Sponsored By

The fight back against digital censorship gathers momentum

There are signs that bulk censorship and state surveillance may have reached their high-water mark, at least in the West.

Scott Bicheno

May 25, 2021

3 Min Read
The fight back against digital censorship gathers momentum

There are signs that bulk censorship and state surveillance may have reached their high-water mark, at least in the West.

Florida Governor Ron DeSantis has signed a Senate Bill designed to allow Florida residents to sue social media platforms if they feel they have been unfairly censored. It specifies greater transparency regarding content moderation practices and requires advance notice whenever they move the goalposts. It implies DeSantis thinks social media platforms actively censor viewpoints they disapprove of.

“This session, we took action to ensure that ‘We the People’ — real Floridians across the Sunshine State — are guaranteed protection against the Silicon Valley elites,” said DeSantis. “Many in our state have experienced censorship and other tyrannical behaviour firsthand in Cuba and Venezuela. If Big Tech censors enforce rules inconsistently, to discriminate in favour of the dominant Silicon Valley ideology, they will now be held accountable.”

“What we’ve been seeing across the U.S. is an effort to silence, intimidate, and wipe out dissenting voices by the leftist media and big corporations,” said Lieutenant Governor Jeanette Nuñez. “Today, by signing SB 7072 into law, Florida is taking back the virtual public square as a place where information and ideas can flow freely. Many of our constituents know the dangers of being silenced or have been silenced themselves under communist rule. Thankfully in Florida we have a Governor that fights against big tech oligarchs that contrive, manipulate, and censor if you voice views that run contrary to their radical leftist narrative.”

Wired reports, with apparent glee, that the law will be laughed out of court, claiming it violates both the US Constitution and Section 230. That may well be the case, but if so DeSantis presumably knew that going in. Either way, it’s significant to see prominent politicians pick up the slack left by the likes of Trump and Hawley, and the debate seems here to stay in the US.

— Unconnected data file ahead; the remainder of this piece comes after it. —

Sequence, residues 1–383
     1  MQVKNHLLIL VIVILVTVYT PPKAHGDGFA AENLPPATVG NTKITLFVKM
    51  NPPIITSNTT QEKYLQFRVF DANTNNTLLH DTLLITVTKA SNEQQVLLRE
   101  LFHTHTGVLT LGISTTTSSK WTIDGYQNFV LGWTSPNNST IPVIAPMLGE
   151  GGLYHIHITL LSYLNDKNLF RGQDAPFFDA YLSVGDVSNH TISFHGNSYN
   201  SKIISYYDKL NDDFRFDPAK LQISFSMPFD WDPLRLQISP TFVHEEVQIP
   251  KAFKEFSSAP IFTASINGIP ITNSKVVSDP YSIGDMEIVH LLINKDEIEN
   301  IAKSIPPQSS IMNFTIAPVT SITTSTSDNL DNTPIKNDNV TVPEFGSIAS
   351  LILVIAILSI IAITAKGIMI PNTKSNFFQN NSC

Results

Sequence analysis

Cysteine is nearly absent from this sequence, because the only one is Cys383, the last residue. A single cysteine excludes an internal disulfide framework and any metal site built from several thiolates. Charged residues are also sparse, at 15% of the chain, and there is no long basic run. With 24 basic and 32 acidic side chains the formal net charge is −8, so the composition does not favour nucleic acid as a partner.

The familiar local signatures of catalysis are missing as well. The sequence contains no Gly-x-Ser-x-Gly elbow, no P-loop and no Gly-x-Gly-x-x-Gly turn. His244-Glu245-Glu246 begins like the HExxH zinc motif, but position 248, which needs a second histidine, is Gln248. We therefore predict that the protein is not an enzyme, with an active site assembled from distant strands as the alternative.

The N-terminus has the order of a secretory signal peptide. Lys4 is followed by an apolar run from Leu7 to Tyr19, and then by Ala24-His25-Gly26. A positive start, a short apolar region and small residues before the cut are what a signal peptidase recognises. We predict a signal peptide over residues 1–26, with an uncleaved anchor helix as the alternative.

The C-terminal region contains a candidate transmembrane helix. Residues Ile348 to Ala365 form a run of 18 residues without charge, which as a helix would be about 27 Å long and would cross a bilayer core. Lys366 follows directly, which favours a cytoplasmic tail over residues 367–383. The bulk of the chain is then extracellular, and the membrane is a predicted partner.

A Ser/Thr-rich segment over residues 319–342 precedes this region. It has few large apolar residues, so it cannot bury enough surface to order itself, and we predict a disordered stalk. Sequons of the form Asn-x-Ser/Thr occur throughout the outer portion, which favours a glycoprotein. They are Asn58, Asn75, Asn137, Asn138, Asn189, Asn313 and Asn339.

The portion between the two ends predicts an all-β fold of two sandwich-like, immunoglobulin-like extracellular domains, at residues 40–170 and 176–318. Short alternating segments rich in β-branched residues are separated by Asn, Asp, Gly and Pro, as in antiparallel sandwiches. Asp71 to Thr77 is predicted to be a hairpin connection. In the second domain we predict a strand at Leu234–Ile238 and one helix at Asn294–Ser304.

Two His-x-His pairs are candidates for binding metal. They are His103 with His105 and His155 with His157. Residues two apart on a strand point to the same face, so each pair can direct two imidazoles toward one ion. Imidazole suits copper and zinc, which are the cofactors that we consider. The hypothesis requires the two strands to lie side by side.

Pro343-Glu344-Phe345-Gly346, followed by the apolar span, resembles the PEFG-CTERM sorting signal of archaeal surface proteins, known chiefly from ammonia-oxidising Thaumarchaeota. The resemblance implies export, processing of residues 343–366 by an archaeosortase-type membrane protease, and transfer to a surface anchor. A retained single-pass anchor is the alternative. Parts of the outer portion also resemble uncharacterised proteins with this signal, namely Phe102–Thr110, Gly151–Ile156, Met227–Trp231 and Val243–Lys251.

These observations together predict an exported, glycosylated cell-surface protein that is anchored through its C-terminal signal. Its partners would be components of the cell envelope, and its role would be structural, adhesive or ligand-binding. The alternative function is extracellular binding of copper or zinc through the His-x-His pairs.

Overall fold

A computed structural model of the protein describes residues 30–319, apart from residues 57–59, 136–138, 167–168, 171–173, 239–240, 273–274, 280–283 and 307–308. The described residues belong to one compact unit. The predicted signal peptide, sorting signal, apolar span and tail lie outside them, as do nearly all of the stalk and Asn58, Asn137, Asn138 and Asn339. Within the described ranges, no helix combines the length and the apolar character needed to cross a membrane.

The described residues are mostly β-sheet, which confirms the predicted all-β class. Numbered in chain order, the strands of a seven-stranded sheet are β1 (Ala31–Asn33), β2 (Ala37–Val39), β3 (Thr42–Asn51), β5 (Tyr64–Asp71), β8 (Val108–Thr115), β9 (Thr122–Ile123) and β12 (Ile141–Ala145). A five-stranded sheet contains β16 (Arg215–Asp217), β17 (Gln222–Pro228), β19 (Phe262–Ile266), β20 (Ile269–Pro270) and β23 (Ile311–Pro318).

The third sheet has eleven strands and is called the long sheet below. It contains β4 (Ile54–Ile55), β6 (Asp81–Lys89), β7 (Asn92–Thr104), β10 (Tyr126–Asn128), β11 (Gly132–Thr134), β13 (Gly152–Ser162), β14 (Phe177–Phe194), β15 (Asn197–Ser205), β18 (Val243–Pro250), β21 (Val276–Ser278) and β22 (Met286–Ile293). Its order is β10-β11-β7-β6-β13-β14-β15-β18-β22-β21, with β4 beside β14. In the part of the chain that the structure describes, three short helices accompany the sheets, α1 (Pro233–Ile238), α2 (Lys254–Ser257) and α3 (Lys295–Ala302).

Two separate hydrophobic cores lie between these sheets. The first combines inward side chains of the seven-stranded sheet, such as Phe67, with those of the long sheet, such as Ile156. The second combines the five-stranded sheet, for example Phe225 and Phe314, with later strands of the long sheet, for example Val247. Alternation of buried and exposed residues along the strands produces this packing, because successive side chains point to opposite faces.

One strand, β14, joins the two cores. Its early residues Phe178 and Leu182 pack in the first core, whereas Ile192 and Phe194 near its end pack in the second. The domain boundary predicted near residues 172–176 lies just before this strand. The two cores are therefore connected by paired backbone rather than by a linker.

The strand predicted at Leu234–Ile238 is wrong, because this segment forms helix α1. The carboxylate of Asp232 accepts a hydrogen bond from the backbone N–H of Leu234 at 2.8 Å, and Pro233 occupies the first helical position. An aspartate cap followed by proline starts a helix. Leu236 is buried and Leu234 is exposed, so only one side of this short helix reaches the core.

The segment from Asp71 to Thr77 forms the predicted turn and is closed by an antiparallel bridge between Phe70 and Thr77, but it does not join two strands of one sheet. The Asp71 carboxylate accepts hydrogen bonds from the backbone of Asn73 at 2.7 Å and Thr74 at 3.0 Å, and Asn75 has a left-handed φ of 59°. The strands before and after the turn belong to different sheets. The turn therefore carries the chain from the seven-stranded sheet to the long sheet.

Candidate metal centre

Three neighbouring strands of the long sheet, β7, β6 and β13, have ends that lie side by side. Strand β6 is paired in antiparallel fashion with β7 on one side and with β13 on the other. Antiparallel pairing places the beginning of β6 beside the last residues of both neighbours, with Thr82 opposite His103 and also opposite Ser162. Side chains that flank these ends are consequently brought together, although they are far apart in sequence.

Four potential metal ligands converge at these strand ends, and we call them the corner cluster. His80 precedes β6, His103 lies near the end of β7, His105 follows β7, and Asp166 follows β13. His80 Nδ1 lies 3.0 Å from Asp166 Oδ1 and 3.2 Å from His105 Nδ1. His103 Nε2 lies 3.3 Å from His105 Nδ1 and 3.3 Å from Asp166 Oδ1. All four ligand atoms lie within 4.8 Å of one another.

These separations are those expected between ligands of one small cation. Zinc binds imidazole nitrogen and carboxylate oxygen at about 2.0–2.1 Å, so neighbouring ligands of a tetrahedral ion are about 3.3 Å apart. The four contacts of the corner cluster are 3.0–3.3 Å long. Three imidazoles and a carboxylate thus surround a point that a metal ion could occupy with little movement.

Meanwhile the European Court of Human Rights has ruled that the UK’s spy agency – GCHQ – violated privacy rights through its regime of bulk interception of electronic communications. One of the Judges said it had opened the gates for an electronic Big Brother in Europe and some others, dissenting because they thought the ruling too lenient, even made direct reference to 1984, God bless them.

View post on Twitter

This long overdue awareness of the dangers of electronic censorship by some Western authorities comes as Twitter’s Indian offices were raided by police, apparently due to its reluctance to comply with requests for political censorship. Additionally Russia has already punished Twitter for failing to sufficiently implement state censorship demands and is threatening Google with the same.

The irony is that social media are being criticized for excessive political censorship in the US, but punished for not doing enough of it elsewhere. In many ways they’re in an impossible position, but the simplest solution is for them to only censor when mandated by law. All the extra stuff they do in the US and elsewhere just weakens their position and loses them allies where they need them most.

About the Author(s)

Scott Bicheno

As the Editorial Director of Telecoms.com, Scott oversees all editorial activity on the site and also manages the Telecoms.com Intelligence arm, which focuses on analysis and bespoke content.
Scott has been covering the mobile phone and broader technology industries for over ten years. Prior to Telecoms.com Scott was the primary smartphone specialist at industry analyst Strategy Analytics’. Before that Scott was a technology journalist, covering the PC and telecoms sectors from a business perspective.
Follow him @scottbicheno

Get the latest news straight to your inbox.
Register for the Telecoms.com newsletter here.

You May Also Like